For cool and cold weather, my carry number (since I can) more often than not goes from three to five. I still carry strong side, weak side, and pocket. But I will add an outer garment with two flap front cargo pockets, into each of which will go one of the previously mentioned J Frame Smiths. Now when I am standing around, keeping my hands warm in my pockets, I am hanging onto two guns, not one. And I never carry anything other than hammerless J Frames this way. The reason I will only use hammerless revolvers is that, like the fastest reload being a second gun, the fastest draw is no draw at all. It would definitely ruin the vest or coat, but with the hammerless revolvers at arm’s length distance, I can shoot right through the pockets without needing to first draw the guns from the pockets. And I can keep on shooting them until they run dry with no fear of either a hammer or slide catching on fabric. If you try that with a semi-auto, you will get one shot before the gun jams with fabric in the action [or short cycles]. You might not get any with a regular revolver if the fabric gets between the hammer and the frame. Like I said, you will definitely ruin the coat. In addition to bullet holes, you might (probably will) also set the coat on fire. But if you ever are in this situation, a ruined coat will be the least of your concerns.

The other mode of holster-less carry that needs to be mentioned dates back to frontier days and is typically called the Mexican Carry: shove the gun in your waistband. I only have one word of advice for this method: Don’t. There simply is no way the gun will stay in the same position. It will shift around, slide down inside your pants (and maybe even down your pants leg), or simply fall out onto the ground. And this is just with normal activity. Add running or wrestling to the equation and it will go where it shouldn’t even faster. The only guarantee is that it won’t be where you put it when you need it.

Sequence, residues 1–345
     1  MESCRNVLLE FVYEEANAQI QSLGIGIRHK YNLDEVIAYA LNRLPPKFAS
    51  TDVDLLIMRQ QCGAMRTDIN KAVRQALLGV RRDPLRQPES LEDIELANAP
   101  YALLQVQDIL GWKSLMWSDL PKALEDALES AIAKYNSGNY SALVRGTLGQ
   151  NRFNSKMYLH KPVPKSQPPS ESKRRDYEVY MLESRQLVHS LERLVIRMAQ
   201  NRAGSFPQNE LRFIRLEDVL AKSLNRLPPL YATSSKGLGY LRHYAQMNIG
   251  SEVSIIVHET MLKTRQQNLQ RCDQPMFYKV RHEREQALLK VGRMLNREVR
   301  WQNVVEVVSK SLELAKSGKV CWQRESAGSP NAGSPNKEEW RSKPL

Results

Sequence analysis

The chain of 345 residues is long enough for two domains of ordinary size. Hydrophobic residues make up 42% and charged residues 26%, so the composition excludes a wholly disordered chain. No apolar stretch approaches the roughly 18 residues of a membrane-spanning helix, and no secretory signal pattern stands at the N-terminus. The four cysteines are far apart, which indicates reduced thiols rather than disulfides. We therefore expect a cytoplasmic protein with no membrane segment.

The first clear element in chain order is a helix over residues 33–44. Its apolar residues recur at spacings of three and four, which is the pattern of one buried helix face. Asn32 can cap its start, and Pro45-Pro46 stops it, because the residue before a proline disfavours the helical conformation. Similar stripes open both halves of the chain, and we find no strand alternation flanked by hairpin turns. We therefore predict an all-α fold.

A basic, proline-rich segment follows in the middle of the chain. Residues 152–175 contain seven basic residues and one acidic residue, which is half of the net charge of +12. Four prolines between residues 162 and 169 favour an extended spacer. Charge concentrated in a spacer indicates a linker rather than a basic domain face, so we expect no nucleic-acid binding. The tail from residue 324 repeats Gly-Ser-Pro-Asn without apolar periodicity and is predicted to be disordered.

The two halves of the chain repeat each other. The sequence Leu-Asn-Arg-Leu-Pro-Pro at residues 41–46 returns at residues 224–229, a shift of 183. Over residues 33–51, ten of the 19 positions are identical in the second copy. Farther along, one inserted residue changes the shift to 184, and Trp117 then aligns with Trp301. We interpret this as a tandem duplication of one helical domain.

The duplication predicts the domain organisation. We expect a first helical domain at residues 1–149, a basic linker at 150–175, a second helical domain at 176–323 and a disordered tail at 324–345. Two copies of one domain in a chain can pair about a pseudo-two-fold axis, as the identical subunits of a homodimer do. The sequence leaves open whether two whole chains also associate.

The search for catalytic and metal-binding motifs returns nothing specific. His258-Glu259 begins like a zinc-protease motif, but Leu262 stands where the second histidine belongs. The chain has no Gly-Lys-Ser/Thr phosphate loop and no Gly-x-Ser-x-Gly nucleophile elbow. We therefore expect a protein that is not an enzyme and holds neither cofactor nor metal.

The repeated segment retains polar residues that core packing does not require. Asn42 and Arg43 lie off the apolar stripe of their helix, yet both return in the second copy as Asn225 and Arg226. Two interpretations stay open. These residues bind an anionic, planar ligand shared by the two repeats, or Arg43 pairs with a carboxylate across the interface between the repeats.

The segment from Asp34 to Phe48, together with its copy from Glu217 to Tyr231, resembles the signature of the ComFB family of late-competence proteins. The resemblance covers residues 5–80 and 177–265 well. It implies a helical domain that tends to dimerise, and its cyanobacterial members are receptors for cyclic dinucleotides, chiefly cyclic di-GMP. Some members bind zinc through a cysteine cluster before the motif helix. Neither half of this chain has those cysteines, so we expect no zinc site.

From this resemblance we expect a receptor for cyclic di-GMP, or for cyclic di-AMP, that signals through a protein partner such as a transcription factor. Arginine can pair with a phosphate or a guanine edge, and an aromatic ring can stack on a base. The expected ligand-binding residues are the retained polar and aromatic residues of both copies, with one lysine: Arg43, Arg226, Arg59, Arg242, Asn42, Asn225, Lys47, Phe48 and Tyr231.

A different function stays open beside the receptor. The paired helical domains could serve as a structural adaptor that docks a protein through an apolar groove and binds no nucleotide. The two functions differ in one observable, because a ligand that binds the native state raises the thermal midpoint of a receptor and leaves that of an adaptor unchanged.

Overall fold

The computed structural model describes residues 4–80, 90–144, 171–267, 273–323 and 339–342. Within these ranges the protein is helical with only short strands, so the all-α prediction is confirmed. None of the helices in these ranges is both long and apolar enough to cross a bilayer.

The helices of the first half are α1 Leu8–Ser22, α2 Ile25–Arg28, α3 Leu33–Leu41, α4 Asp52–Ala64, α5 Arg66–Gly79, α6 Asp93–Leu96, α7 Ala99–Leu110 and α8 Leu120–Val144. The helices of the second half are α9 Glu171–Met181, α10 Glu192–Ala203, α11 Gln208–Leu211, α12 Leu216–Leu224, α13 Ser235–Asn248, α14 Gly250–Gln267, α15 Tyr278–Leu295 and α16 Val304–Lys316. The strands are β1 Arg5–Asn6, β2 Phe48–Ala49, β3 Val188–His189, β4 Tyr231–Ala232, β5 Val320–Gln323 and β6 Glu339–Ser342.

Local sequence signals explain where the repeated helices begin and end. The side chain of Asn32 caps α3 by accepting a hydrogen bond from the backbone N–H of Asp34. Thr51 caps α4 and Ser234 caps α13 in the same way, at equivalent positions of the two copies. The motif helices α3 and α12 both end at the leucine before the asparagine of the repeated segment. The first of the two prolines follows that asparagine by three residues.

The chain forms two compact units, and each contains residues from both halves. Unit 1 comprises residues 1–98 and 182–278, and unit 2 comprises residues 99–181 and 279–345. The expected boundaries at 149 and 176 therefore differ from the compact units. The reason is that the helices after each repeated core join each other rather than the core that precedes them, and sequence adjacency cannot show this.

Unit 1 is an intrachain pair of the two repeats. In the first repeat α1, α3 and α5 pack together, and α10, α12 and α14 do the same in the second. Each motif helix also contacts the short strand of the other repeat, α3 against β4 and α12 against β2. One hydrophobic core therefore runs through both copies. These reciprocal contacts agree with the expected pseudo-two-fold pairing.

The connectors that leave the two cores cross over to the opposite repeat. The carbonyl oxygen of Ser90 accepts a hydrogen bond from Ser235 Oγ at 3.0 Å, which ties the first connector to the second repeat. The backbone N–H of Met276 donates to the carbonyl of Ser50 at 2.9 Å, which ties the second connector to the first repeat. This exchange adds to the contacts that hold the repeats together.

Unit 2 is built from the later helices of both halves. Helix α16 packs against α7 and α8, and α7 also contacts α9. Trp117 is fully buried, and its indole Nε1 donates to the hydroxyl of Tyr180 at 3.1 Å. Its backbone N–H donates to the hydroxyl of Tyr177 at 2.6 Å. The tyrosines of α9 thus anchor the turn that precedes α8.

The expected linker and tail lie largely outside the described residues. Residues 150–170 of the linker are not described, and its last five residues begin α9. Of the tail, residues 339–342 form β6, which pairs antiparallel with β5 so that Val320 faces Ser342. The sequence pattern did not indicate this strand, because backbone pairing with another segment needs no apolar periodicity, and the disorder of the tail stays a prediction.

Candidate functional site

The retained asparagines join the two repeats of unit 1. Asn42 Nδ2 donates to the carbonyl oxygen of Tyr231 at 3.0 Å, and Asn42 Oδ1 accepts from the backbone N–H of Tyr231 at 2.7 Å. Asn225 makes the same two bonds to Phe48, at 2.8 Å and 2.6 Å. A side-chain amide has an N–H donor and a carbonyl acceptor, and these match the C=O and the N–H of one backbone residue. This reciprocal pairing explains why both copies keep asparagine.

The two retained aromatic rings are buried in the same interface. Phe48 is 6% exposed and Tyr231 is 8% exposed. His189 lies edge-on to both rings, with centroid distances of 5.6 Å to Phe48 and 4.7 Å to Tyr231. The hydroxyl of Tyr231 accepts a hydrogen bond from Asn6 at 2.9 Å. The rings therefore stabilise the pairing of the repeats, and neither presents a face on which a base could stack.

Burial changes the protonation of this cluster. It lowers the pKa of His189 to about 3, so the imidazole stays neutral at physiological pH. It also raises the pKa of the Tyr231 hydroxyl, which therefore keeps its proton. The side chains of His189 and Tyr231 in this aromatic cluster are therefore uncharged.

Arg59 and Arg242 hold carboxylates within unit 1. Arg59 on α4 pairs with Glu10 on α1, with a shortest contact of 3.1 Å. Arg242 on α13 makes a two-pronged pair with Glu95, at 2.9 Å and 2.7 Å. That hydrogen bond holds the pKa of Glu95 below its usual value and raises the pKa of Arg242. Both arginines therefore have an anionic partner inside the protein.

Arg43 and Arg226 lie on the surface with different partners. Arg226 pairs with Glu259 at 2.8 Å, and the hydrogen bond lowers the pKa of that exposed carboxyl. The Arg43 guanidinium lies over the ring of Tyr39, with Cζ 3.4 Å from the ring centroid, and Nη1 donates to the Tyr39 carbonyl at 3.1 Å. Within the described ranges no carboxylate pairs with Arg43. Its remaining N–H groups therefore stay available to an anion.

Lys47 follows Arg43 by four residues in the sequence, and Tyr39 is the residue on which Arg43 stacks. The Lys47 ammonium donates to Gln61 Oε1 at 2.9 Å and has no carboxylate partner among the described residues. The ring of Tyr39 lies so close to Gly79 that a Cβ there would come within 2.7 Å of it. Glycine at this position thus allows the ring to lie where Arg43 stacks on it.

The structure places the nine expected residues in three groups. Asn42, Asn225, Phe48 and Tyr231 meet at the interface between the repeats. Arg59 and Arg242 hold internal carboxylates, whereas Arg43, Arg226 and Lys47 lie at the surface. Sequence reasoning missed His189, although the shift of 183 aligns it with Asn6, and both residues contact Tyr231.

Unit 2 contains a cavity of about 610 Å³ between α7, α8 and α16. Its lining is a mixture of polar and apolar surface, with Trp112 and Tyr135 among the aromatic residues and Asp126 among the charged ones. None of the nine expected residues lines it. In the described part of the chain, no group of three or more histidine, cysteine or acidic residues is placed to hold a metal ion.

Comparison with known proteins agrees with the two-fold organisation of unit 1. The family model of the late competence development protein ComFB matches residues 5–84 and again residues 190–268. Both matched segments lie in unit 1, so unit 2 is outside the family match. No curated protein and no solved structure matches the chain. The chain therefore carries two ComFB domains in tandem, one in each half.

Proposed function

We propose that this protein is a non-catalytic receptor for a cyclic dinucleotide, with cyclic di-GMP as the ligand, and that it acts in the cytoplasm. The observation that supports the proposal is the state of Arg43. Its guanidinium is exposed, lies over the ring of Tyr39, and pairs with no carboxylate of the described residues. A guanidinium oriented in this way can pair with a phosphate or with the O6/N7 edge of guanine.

One final aspect of carrying concealed needs to be discussed and that is how movement affects concealment. Before you start carrying, you tend to not think about how various movements affect the drape and fit of your clothes. That instantly changes as soon as you strap on a gun. For discussion purposes, I am going to assume a coat as the covering garment in all cases.
Example one is a strong-side belt holster. Assume you are in a store and have to reach something on an upper shelf, such that you have to stretch to get it. If you reach for it with the same hand/side as your gun, that stretching action will cause your coat on that side to “ride up,” potentially exposing your weapon. This is a perfect example of why an IWB is particularly effective for concealment. But if you reach with the opposite hand, the same action will cause your coat to ride even lower on the gun side, maintaining concealment. Now you want to get something on the bottom shelf. If you simply bend over at the waist to get it, your covering garment will pull tight over your weapon, causing it to “print.” You quickly learn to avoid bending over under any circumstances. Instead, kneel down, keeping your back as straight as possible while doing so.